“We were good on the service side, we’d built our skills in social media and advertising, we understood the graphics industries but in terms of growing a business, it was just an idea,” recalls Parminder Sarna, co-founder of Social Buzz and past participant of the program. “When we came into the Starter Company program, we actually turned our idea into a business that could make money.”

With small businesses representing 98.2 per cent of all businesses in Canada, the program builds on Toronto’s reputation as a world-class city for entrepreneurs.

“Toronto is a microcosm of entrepreneurial talent, there’s so much going on here,” says Chris Rickett, ‎manager of entrepreneurship services at the City of Toronto. “Starter Company is about connecting those dots – through mentorship, through funding, through advice – and strengthening the underlying fabric of the small business economy in the city.”

That same entrepreneurial talent will be on hand for the City of Toronto’s annual Small Business Forum on Thursday, October 15, at the Metro Toronto Convention Centre. In addition to a tradeshow offering a range of opportunities and resources for entrepreneurs and small business owners – including an information booth on Starter Company – there will be keynote presentations on everything from crowdfunding to adapting to a digital world.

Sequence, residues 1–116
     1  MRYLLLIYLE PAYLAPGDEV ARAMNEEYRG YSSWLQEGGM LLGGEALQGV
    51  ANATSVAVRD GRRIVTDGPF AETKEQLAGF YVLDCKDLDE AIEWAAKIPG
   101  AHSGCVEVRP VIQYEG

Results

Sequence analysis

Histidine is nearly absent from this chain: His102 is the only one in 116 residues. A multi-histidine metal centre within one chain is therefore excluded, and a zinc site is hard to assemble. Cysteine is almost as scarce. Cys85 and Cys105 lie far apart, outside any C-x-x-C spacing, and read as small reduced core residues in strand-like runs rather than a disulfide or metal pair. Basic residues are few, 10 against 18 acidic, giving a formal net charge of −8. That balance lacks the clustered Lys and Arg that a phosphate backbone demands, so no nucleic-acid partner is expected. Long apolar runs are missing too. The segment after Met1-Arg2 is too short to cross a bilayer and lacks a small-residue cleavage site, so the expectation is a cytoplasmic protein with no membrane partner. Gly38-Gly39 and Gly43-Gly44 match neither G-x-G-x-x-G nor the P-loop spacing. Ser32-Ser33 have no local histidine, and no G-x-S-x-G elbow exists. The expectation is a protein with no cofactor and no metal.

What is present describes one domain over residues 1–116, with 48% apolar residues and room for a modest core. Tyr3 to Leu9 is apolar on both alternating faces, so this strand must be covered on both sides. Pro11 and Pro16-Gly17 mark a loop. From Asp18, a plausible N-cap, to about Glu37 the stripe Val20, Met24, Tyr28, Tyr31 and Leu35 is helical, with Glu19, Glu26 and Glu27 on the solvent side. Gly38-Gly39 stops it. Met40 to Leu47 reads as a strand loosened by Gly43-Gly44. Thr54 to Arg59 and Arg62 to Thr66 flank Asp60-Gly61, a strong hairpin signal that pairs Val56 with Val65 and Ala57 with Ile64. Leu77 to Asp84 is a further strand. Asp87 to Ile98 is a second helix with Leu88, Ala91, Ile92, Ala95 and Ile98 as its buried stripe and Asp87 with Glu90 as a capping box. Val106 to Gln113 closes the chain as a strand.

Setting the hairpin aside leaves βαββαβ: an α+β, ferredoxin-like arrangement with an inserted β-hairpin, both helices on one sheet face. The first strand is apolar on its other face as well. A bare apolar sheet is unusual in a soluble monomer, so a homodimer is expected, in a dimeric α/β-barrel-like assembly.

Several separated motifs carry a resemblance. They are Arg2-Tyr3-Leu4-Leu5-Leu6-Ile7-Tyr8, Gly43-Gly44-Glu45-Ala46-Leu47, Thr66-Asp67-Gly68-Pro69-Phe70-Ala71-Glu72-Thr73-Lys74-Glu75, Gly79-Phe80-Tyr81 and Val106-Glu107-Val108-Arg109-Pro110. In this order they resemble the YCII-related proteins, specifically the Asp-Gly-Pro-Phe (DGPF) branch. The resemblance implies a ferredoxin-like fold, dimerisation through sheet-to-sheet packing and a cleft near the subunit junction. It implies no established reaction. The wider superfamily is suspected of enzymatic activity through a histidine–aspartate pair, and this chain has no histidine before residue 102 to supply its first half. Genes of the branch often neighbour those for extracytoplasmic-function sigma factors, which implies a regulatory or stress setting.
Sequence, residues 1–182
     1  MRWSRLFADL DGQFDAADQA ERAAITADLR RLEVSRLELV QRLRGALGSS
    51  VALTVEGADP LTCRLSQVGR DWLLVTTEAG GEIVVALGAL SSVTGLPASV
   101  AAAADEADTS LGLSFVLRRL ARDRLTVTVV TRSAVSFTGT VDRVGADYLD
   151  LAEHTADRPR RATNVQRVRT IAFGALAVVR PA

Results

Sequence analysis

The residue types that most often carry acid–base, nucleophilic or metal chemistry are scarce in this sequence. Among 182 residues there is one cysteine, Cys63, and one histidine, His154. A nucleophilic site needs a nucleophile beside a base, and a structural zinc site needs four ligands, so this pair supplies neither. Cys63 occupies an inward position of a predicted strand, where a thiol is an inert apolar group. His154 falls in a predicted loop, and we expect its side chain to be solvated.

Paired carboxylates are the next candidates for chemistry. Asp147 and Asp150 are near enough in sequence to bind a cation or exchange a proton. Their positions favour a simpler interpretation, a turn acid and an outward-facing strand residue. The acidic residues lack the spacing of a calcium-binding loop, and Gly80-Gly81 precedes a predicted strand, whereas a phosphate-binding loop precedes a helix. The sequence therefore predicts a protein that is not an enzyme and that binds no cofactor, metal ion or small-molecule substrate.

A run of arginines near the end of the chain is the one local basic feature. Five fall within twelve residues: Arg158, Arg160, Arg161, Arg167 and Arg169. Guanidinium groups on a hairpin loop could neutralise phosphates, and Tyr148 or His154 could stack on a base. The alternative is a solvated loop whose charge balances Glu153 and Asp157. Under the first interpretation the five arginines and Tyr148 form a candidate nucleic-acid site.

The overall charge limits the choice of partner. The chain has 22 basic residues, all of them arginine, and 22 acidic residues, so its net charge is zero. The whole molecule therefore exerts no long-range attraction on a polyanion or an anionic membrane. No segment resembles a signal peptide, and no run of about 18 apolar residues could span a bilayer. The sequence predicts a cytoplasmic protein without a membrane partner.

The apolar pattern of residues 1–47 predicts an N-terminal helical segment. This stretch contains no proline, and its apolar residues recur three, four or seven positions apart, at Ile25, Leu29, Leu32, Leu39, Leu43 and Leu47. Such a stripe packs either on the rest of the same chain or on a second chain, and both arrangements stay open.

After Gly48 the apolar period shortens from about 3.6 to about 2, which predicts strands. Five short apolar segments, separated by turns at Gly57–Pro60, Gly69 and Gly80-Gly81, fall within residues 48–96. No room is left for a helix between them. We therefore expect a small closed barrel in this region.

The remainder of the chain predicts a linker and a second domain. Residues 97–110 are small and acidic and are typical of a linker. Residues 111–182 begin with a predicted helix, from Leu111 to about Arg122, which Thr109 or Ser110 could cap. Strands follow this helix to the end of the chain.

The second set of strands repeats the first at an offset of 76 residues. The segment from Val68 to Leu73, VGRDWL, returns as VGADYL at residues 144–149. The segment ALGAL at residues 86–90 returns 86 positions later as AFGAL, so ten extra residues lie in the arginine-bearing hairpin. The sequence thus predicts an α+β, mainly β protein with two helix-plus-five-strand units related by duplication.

“This is where the next generation of entrepreneurs connect,” says Rickett.

Get  information about Enterprise Toronto’s Starter Company program.

What to Say When You’re Asking for Money: Five Tips to Help You Secure Business Funding

Written By: Sarah Hashem, Director, National Client Relationships, Futurpreneur Canada

Congratulations, you’ve found the ideal funder for your start-up project! Now how do you get them to see your business as an ideal investment?

shutterstock_115704301_jpgStart-up funders come in many shapes and sizes and, like your business, they too have a target demographic or theme—youth, innovation, IT, good credit, etc. These five tips can help your application receive a winning review, so you can get one step closer to receiving the business funding you need.

1) Describe yourself in their words.